- Aaron L, OregonWednesday, August 02, 2017Very satisfied with the service provided. Helen was knowledgeable, helpful and responsive to communication. Will definitely use again.
- Maya M, CanadaMonday, July 31, 2017My overall experience with Rosa was a positive one.
Value for the money? Yes.
In my opinion, Rosa is a very knowledgeable and professional lawyer, who is able to not only understand the situat...ion at hand, but also suggest different approaches and customized solutions for unique, non-standard situations, which was the case with me.
And for that I am really happy and grateful to have worked with Rosa, and wish her the very best in the future.
- N. Gardiner, MijasFriday, June 16, 2017Rosa was value for money, really easy to deal and very efficient. Highly recommend.
- D slocombe, SpainFriday, May 19, 2017Jose is very friendly and understanding. I am very satisfied and I would you use the same lawyer again in the future.
- KSC, IrelandTuesday, October 18, 2016She was very helpful, always happy to assist. I was very satisfied with the service.
- Elena, AustraliaTuesday, June 14, 2016Rosa was straightforward, friendly, polite and cheap. I was very satisfied and I definitely would use the same lawyer again in the future.
- Kate Godbehere, GranadaThursday, February 25, 2016From the outset, Rosa was extremely professional, approachable, efficient and competent. Her level of English is extraordinary, something very much appreciated as it made life easier for me during an ...inherently difficult time.
Her correspondence was always relevant, detailed, simply and clearly explained and expressed. Rosa was kindly, matter of fact, calm, patient and always reassuring.
Her pro-active, intelligent, thoughtful and knowledgeable advice helped very much during a particularly delicate and worrying stage of the process.
- Peter Gural, La LineaThursday, October 08, 2015What I liked about this service: Value for money.
The level of professionalism and excellence in service was not compromised in the reasonably low fee charged for the service.
All details were... explained in a simple format that an ordinary citizen could understand, sparing the bureaucratic procedure that only lawyers can understand.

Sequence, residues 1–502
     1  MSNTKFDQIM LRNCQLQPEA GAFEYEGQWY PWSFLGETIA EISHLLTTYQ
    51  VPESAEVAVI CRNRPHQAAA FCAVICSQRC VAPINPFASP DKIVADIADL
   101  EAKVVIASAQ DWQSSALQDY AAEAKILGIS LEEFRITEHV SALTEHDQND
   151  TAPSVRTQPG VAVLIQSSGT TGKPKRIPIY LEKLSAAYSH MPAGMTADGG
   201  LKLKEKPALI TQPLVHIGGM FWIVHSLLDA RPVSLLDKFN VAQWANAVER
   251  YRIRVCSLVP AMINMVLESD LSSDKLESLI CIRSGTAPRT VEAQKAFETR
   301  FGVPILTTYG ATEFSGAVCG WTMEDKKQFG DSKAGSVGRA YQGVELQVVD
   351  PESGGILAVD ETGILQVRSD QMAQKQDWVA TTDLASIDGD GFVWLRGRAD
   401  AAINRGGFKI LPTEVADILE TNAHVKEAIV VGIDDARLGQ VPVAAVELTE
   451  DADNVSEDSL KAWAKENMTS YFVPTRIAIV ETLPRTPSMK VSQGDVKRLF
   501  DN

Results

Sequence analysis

- Elena Todd, AlmoradiFriday, July 18, 2014Our lawyer was very understanding of our situation, and took a lot of time to strategise for the best possible outcome.
Her passionate performance in court exhibited a heartfelt commitment to our ...case.
Her fees were very reasonable and she was willing to consider payment terms at difficult times.
I strongly recommend her and will use her again in the future.
- Christine B., SpainThursday, July 03, 2014Very fast and comprehensive responses to all my queries.
Always available via email and telephone.
Very reasonable fees.Extremely helpful and thorough. Polite, perfect English. Absolutely prof...essional.
Firstly it should be understood that when a couple sign a mortgage agreement each person becomes individually and severally liable for the repayment of the mortgage. The term ‘individually and severally liable’ means that both partners are liable for the entire mortgage. To illustrate the point, in an extreme case, should either die (and in the absence of mortgage protection insurance), the other becomes liable for repayment of the entire mortgage. One-half of the liability to repay the mortgage does not end with the demise of the other mortgagee. While this may seem unfair it is considered a necessity by the banks before lending to a couple.
So, given this illustration of the legal framework, what happens if one of the joint mortgagees is no longer able to – or simply decides that he or she no longer wishes to – contribute to the mortgage repayments?
In fact this problem does arise not infrequently, for example when a relationship breaks-up due to infidelity and one partner leaves the home to begin a relationship with another person. It can be the case that the partner who has left the home is unable or unwilling to continue contributing to a mortgage in a property in which they no longer live.
Whatever the reason for the ending of a relationship there are a number of options available with regard to the continuing liability for repayment of a bank loan on a property in Spain. If there is no possibility of reconciliation, the couple have the following options:
Take on the responsibility for the other’s share of the mortgage.